Calais was improved by the Count of Flanders in 997 and fortified by the Count of Boulogne in 1224, in 1189, Richard the Lionheart is documented to have landed at Calais on his journey to the Third Crusade. Angered, the English king demanded reprisals against the citizens for holding out for so long
The Merovingians were a Salian Frankish dynasty that ruled the Franks for nearly 300 years in a region known as Francia in Latin, beginning in the middle of the 5th century. Their territory largely corresponded to ancient Gaul as well as the Roman provinces of Raetia, Germania Superior and the southern part of Germania. The Merovingian dynasty was founded by Childeric I, the son of Merovech, leader of the Salian Franks, after the death of Clovis there were frequent clashes between different branches of the family, but when threatened by its neighbours the Merovingians presented a strong united front. During the final century of Merovingian rule, the kings were increasingly pushed into a ceremonial role, the Merovingian rule ended in March 752 when Pope Zachary formally deposed Childeric III. Zacharys successor, Pope Stephen II, confirmed and anointed Pepin the Short in 754, the Merovingian ruling family were sometimes referred to as the long-haired kings by contemporaries, as their long hair distinguished them among the Franks, who commonly cut their hair short.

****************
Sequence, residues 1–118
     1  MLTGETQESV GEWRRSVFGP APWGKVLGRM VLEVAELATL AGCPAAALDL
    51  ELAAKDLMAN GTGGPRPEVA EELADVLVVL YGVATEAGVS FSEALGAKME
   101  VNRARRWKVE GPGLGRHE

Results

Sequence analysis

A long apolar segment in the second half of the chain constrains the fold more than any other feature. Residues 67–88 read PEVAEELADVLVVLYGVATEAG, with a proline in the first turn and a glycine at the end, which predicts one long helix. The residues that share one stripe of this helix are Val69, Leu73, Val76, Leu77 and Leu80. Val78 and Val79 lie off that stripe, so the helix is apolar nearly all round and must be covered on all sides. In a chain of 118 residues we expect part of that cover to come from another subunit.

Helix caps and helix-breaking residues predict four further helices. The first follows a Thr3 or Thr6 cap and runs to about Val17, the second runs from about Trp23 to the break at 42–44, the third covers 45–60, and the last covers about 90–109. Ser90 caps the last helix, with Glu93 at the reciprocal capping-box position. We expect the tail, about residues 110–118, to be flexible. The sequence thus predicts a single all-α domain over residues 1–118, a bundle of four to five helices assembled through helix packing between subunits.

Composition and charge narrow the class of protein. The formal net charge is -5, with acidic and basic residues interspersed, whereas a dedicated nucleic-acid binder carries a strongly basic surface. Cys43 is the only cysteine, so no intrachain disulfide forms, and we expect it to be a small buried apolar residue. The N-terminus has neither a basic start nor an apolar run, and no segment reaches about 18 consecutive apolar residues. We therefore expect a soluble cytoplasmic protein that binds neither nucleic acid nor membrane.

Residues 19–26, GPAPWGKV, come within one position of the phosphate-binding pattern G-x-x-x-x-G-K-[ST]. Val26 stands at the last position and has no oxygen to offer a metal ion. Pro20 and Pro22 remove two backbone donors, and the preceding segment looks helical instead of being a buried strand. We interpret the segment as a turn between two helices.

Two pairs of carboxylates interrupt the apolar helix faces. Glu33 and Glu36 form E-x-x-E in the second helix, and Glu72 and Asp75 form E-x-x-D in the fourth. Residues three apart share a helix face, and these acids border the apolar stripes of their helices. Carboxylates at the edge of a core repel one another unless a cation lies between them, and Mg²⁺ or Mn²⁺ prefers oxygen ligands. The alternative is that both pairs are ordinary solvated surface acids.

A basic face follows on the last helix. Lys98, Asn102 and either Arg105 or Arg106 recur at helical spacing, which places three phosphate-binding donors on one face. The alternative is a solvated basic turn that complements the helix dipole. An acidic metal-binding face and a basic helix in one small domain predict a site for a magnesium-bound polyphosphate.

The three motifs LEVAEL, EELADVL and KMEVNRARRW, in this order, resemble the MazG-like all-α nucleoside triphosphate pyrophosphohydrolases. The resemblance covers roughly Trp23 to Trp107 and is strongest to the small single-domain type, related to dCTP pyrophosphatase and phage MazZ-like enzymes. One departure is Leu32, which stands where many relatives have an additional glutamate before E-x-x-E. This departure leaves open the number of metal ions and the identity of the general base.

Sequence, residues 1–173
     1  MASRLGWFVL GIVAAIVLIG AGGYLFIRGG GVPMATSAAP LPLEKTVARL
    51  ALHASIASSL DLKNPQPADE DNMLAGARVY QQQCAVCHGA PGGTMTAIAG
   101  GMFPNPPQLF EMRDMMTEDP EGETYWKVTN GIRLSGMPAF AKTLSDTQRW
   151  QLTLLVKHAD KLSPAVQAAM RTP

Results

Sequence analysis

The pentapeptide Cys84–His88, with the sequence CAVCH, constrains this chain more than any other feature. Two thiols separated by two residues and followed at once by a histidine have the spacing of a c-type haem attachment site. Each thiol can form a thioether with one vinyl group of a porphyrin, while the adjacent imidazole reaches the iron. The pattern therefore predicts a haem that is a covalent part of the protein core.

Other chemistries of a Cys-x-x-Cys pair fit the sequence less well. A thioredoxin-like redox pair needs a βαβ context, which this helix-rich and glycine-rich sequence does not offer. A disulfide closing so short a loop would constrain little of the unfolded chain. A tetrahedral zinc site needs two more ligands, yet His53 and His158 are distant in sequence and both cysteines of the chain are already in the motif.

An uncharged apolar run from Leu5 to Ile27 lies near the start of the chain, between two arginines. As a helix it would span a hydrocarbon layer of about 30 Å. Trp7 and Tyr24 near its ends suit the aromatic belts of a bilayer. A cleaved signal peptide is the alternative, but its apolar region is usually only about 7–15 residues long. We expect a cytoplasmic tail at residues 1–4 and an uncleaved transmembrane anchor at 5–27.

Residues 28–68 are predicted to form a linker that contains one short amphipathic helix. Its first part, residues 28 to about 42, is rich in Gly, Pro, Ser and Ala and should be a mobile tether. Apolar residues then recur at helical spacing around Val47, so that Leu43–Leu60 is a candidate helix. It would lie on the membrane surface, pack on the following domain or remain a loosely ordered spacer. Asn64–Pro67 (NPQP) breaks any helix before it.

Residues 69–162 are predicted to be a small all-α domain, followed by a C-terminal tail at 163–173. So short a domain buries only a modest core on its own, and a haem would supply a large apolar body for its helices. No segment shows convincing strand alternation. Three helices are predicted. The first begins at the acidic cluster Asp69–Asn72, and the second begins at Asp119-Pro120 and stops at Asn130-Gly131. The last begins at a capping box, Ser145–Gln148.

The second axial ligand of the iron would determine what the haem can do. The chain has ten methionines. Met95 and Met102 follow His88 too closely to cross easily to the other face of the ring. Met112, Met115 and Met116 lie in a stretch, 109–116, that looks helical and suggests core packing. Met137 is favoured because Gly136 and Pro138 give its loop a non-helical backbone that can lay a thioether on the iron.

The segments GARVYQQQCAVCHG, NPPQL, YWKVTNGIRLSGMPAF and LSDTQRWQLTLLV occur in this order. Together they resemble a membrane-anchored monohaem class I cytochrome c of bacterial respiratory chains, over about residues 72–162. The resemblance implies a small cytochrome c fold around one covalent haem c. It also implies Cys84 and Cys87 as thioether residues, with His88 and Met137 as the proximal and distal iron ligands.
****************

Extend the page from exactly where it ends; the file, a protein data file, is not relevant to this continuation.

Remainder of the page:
The Merovingian dynasty owes its name to the semi-legendary Merovech, leader of the Salian Franks, the victories of his son Childeric I against the Visigoths and Alemanni established the basis of Merovingian land. Childerics son Clovis I went on to unite most of Gaul north of the Loire under his control around 486, when he defeated Syagrius, the Roman ruler in those parts. He won the Battle of Tolbiac against the Alemanni in 496, at time, according to Gregory of Tours. He subsequently went on to defeat the Visigothic kingdom of Toulouse in the Battle of Vouillé in 507. After Cloviss death, his kingdom was partitioned among his four sons, leadership among the early Merovingians was probably based on mythical descent and alleged divine patronage, expressed in terms of continued military success. In 1906 the British Egyptologist Flinders Petrie suggested that the Marvingi recorded by Ptolemy as living near the Rhine were the ancestors of the Merovingian dynasty, upon Cloviss death in 511, the Merovingian kingdom included all of Gaul except Burgundy and all of Germania magna except Saxony.